Andrew Paul Wood – 29 May, 2013
I suppose one could make a case for the paintings being a kind of aesthetic problem-solving based around the formal and gestural elements of painting, colour relationships, spatial distortion, and the interplay between form and ground, figurative and abstract, but I rather think that would be grasping for meaning where the retinal pleasures of the work suffice.
Tjalling de Vries
24 May - 14 June 2013
Though born in the Netherlands, Tjalling de Vries was raised in Le Bons Bay on Banks Peninsula. Since receiving his MFA (Painting) from the University of Canterbury School of Fine Arts in 2011, he has exhibited extensively in Christchurch and further afield.
Early in his career, de Vries‘ paintings were mainly existential griselle self-portraits with a Richterian blur and Baconesque smear. More recently his paintings have evolved into a fairly typical trans-avant-garde bricolage of often cartoonish imagery sourced in pop culture, painted flat in acrylic against featureless voids. Sometimes it becomes difficult to work out whether this is a complex meditation on the nature, culture, and process of painting, or a facile and formulaic pastiche of what postmodern painting should look like - David Salle, Sigmar Polke, and whatever else happens to by laying around. I suspect elements of the latter are deliberate, self-conscious and intended ironically. For a while the paintings were livened up with archaeological strata of figure and ground layered up and distressed or otherwise scraped back to reveal glimpses of the images beneath - reaching an apotheosis with Tjalling is Innocent, a huge paper collage mural mounted on the back of the CoCA building as part of Christchurch Art Gallery’s Outer Spaces programme in 2012 and designed to indicate entropy by being slowly weathered away by wind and rain.
Unfortunately de Vries appears to have abandoned this interest in strip mining the surface of the canvas for his Quick Flip exhibition at City Art in Christchurch. In the large paintings Lip Slip and Love’s Off. Both paintings make a central compositional element of the cartoon anvil that so often fell on poor old Wyle E. Coyote’s (shades here of Elizabeth Murray and Mark Braunias) floating diagrammatically against a loosely neo-expressionist ground of warm hues - silhouetted in aggressive brown and red for Lip Slip and a sort of splashed orange juice for Love’s Off. Further layers of Lip Slip are created by a sparely limned, gestural drawing of a man (indicated only by his perfunctory head) being sexually attacked by a nubile bikini-clad Maenad (Lichtenstein meets Polke with a crude Raymond Pettibon-slash-Kerry James Marshall line), an old Kodak colour separation guide bar and a flock of cartoon mail straight out of a Fleischer Studios animation.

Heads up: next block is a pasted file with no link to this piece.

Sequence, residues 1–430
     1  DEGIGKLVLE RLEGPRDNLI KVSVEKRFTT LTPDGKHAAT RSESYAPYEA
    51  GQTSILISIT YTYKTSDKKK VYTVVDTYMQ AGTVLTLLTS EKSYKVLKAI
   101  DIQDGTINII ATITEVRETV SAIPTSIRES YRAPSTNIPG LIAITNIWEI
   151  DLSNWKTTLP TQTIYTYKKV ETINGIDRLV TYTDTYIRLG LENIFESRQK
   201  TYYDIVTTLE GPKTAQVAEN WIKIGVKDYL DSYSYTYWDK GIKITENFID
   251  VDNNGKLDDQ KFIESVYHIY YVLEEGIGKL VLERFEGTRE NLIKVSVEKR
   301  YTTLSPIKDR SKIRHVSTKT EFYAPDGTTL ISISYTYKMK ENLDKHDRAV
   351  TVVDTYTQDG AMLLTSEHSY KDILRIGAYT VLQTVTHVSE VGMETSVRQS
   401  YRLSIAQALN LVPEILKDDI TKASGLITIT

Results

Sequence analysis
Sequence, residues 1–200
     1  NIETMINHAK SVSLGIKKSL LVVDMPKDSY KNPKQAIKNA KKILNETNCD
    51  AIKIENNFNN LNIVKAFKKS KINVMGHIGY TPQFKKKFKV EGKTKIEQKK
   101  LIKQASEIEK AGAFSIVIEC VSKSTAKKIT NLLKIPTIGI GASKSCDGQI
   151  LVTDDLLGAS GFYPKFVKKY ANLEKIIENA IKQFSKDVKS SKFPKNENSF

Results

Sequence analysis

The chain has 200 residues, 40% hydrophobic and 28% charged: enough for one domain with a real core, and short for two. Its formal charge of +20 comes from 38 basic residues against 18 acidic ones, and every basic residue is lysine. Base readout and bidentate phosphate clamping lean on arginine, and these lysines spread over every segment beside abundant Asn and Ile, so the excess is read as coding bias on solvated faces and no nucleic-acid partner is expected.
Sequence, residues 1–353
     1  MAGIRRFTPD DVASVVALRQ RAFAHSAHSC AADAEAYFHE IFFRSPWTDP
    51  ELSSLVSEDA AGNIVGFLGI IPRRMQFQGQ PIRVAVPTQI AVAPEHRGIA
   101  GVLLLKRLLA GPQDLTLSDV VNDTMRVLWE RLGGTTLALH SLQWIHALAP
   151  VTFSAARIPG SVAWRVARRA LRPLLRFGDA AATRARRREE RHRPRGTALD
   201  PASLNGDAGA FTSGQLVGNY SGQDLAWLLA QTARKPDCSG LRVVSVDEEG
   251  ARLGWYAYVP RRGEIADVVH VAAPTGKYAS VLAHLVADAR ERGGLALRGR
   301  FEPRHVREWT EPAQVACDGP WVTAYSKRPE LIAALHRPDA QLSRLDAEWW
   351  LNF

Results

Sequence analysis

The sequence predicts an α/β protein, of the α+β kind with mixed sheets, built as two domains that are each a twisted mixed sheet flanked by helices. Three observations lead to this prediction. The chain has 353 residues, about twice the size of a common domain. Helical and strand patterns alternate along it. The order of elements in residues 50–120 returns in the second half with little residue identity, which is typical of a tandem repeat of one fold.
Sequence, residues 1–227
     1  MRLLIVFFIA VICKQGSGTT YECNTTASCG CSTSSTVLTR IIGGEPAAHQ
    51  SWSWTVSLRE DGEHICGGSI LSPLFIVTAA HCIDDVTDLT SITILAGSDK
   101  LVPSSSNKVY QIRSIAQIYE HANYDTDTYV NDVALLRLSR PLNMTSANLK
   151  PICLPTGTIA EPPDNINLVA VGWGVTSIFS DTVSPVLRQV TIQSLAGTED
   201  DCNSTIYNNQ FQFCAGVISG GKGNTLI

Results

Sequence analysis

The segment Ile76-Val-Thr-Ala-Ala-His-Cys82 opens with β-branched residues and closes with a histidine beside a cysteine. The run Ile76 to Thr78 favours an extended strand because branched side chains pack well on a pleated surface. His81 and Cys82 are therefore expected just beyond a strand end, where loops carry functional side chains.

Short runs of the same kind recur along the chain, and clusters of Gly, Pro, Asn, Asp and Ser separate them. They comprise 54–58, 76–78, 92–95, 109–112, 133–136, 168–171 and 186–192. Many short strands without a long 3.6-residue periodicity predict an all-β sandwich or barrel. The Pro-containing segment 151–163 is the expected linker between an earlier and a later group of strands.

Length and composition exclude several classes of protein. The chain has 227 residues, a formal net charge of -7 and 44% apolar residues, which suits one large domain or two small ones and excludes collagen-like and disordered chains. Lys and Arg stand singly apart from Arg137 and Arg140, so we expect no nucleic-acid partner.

The other large painting, Love’s Off, is less complex: anvil, abstract shapes - one of which is decorated in a highly ornamental fashion, and a pair of expressively gesturing cartoon gloves like a pair of fluttering doves. This offers a particularly piquant accent to the overall certainty and confidence of the composition.
The other component of the show are four smaller paintings based on the aces in a deck of cards, divided into two pairs that lean together like very crude card houses. As a discrete series they are called One Trick Ponies - no doubt an allusion to certain tendencies in contemporary art. Each “card” is decorated with cute, cartoonish and slightly Thelwell-esque ponies reflecting each other on a penciled axis. The apparent arbitrary choice of images is somewhat difficult to unpick, except, perhaps, to suggest that they are probably not very important at all and deliberately kept playful. Essentially they are only there to provide the machinery for a formal composition.
Any of the pretentions of high art are subverted by the playfulness of demotic slacker subject matter robbed of all hierarchy and context to simply be an excuse to get paint on to surface. I suppose one could make a case for the paintings being a kind of aesthetic problem-solving based around the formal and gestural elements of painting, colour relationships, spatial distortion, and the interplay between form and ground, figurative and abstract, but I rather think that would be grasping for meaning where the retinal pleasures of the work suffice. I just wish there was more individual character to them, elevating them above a menu touristique of New Figuration postmodernisms. I remain unsure that a true original synthesis has been achieved, but I can recognise the talent which is quite capable of it.
Andrew Paul Wood